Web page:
Three factors why coalition governments fail in SA

The new phenomenon of coalition governments in South Africa came into popularity in our political landscape in 2016 when the ANC lost control of some big municipalities.

 From the onset, coalitions in South Africa have been characterised by four distinct features, namely political instability, fluidity of power, the criminal arrangements associated with power-brokering and the mafia-style approach to managing the coalition.

These have been constant and key characteristics of all coalition governments in the country.

The consequence of this has been a downward spiral of the situation in municipalities which is underpinned by a weakened administration and corrupt behaviour. 

We have all seen how most coalition agreements have either used smaller parties and incapable leaders as proxies to achieve narrow selfish interests of political syndicates.

As a departing point, it is important to note this piece is not an in-depth analysis of the challenges that have since defined coalition in South Africa, but one hopes it will be enough to help our country reflect around the quagmire of coalitions.

I will also offer suggestions that one thinks can better help us manage these coalitions.

My view is that there are three key factors that underpin this dismal failure of coalitions in South Africa.

1. The under-theorisation of coalitions in SA

For the first time in 2016, the South African political system had to contend with the outcomes of the local government elections which forced S.A to deal with the reality of coalition governments. The establishment of coalition governments wherein a reality the first-time political parties had to think about how to carry the mandate of their constituencies in an environment of shared power through negotiation and concessions.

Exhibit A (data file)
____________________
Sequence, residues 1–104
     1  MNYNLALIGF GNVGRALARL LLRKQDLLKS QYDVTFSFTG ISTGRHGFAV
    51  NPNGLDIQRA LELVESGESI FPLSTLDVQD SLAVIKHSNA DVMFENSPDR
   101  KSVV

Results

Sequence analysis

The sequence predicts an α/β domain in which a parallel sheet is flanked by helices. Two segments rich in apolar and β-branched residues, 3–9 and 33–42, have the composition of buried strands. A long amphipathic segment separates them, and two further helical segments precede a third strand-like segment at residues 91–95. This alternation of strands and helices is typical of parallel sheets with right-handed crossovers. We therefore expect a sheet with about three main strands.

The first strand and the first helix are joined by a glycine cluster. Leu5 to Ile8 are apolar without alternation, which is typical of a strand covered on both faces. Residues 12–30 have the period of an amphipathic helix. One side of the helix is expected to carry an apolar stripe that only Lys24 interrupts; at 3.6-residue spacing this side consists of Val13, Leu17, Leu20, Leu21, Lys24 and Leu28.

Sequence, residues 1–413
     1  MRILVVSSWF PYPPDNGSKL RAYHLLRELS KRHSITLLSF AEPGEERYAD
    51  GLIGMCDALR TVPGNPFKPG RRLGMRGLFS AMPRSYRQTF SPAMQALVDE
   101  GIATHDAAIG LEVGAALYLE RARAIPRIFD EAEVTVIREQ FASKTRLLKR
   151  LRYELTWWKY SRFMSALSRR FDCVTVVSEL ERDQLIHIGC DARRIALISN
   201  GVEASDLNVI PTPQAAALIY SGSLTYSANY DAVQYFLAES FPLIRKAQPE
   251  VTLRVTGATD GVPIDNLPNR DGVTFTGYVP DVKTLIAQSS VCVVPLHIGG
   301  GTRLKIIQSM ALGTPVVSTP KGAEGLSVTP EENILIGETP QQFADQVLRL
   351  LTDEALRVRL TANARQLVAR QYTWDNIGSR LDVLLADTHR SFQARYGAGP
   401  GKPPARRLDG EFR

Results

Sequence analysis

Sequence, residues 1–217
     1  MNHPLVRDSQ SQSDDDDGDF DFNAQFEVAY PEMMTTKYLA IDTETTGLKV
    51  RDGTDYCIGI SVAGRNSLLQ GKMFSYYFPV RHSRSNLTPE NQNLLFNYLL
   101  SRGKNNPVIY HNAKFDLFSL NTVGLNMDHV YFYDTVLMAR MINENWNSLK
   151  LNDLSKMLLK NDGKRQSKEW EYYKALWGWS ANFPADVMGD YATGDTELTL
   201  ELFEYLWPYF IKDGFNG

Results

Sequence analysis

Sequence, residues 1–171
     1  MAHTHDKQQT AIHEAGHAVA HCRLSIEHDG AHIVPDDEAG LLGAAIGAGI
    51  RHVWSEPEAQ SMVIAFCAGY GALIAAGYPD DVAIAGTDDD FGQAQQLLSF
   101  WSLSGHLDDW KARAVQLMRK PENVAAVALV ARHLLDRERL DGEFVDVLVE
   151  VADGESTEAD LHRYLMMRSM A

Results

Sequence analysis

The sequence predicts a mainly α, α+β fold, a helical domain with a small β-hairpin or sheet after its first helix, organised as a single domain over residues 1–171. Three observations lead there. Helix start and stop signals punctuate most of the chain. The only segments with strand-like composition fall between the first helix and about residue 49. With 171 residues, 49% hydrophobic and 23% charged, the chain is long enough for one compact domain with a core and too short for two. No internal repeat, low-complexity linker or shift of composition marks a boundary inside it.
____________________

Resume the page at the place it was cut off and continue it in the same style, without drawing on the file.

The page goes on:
Suddenly, political parties from different ideological persuasions had to formulate strategies on how to work together to ensure the effective running of government without compromising their respective ideological frameworks.

There were no written rules and still aren’t any, around the political interaction between the parties in a coalition. There were of course those who believed proportional representation is a form of co-governance and coalition. This couldn’t be further from the truth because coalition governments relate to the constitution of government and the sharing of executive powers. 

As a result, at a political level, the issue of coalitions has been more complex and dynamic to manage than the simple proportional representation because there is no South African experience to draw from and to reference that is both researched and documented. More research needs to be done around this topic and this means universities must be at the forefront of producing literature on workable models for coalitions in the context of South Africa.

2. Alliances largely based on opportunism rather than shared principles and values

The biggest problem of the coalition agreements in their current form has been between individual pacts rather than principled party shared values and visions. This is why people abruptly decide willy nilly to exit coalitions without any substantive reason.

This is compounded by inexperienced political actors who lack the necessary maturity to separate personal relationships from their political roles. Most of these characters are small-town politicians who are unethical and see leadership positions as instruments of social upward mobility.  We all know them, the Gucci and Louis Vuitton politicians who are big money spenders in the local clubs.